Originally published in slightly different form on July 1, 2013, on our companion blog, The Midnight Tracker.

Among my great memories of the mid-’80s are the politically-tinged protest songs so often heard on WORT-FM, then and now the intensely local, intensely progressive radio station in Madison, Wisconsin.

There was “If I Had A Rocket Launcher,” Bruce Cockburn’s lament for the plight of Guatemalan refugees in Mexico.

There was “World Destruction,” a fierce, desperate, bleak view of the future from John Lydon and Afrika Bambaataa working together as Time Zone.

There was “Five Minutes,” the  hip-hop tune that used snippets of Ronald Reagan’s radio gaffe to satirize Reagan’s policies, with Jerry Harrison and Bootsy Collins and pals billing themselves as Bonzo Goes To Washington.

Those songs shared a sense of anger, and rightly so, given the world in 1984.

There was one more that year, another call for action. It was no less urgent.

But unlike the others, “Free Nelson Mandela” by the Special A.K.A. was a joyful noise, a ska song written in England by Jerry Dammers, its rhythms partly inspired by South African music.

Unlike the others, it expressed hope.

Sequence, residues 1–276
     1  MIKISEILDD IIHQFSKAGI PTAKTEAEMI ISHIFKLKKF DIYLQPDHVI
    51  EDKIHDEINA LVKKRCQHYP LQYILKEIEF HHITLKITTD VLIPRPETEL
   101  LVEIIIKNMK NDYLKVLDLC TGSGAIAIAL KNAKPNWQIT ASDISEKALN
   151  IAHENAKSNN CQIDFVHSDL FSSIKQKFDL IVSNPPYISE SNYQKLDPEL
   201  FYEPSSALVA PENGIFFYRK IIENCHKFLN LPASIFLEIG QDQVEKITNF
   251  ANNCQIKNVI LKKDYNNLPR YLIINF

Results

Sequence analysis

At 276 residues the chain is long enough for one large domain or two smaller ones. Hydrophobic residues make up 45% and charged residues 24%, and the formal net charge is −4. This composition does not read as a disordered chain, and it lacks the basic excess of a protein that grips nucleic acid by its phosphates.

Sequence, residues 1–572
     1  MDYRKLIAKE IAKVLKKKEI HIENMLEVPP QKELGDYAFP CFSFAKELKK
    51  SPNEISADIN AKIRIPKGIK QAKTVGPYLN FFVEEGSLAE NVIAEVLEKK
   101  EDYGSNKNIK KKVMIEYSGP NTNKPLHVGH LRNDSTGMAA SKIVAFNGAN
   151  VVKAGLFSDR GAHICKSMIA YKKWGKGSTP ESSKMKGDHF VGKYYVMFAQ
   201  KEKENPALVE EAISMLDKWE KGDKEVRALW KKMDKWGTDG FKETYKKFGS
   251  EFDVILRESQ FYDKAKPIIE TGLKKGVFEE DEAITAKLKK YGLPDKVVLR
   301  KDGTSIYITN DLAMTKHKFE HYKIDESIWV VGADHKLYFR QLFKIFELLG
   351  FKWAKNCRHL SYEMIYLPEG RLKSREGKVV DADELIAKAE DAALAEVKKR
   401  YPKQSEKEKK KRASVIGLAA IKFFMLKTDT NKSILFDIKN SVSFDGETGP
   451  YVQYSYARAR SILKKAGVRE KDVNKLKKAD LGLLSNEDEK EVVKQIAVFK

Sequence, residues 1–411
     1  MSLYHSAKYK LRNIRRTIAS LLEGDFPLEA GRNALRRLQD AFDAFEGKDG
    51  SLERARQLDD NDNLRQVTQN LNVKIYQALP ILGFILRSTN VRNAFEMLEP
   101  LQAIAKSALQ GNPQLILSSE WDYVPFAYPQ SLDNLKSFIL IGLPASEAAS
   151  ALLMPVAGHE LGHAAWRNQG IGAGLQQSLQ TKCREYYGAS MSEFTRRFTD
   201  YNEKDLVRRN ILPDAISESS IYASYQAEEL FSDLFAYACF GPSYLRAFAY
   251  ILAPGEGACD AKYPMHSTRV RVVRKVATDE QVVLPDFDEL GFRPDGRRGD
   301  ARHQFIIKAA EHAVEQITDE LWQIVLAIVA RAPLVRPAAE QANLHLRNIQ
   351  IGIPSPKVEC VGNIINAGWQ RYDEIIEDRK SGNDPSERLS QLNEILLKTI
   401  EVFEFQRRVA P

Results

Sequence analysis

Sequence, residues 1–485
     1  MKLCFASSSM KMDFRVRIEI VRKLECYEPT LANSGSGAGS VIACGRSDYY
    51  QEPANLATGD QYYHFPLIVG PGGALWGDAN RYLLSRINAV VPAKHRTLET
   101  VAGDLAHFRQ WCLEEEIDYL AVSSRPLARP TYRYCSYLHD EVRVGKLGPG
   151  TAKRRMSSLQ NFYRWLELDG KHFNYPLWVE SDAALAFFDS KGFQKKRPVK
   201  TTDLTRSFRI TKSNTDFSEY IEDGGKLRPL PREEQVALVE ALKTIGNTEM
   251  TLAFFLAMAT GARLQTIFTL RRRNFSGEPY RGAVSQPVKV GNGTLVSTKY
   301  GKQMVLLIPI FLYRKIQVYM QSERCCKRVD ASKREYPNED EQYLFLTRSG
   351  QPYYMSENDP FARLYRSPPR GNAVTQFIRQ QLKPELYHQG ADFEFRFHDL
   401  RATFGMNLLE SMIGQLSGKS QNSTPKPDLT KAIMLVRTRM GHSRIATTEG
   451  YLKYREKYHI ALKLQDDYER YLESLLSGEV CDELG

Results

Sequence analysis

Hope that the anti-apartheid activist would be freed from prison after what was then “21 years in captivity.” Hope that came to pass in the decade that followed the release of “Free Nelson Mandela” in 1984. Apartheid was ended. The song became an anthem. Mandela was elected South Africa’s president, served for five years, then remained active in the cause until retiring.

Nelson Mandela has been much in the news, much in our thoughts since summer, gravely ill. Today, he died. He was 95.

But he long ago passed into legend, one of the giants of our time.

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“Free Nelson Mandela (instrumental)” and “Free Nelson Mandela (LP version),”  the Special A.K.A., from “Free Nelson Mandela: The Special Remix,” 1984. It’s out of print. This is Side 2 of the 12-inch American release on Chrysalis. It runs 8:20.

I’ve had it since 1984. Tonight, it emerges again from that not-so-long-ago time.

Please visit our companion blog, The Midnight Tracker, for more vintage vinyl, one side at a time.

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Filed under December 2013, Sounds